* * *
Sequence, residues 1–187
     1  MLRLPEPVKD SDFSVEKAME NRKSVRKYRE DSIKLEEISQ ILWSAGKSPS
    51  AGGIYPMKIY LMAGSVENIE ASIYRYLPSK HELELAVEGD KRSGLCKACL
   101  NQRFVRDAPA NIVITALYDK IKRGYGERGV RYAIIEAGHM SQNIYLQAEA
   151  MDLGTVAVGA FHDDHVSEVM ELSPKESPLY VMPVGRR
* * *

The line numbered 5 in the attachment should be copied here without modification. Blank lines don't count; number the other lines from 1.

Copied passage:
   151  MDLGTVAVGA FHDDHVSEVM ELSPKESPLY VMPVGRR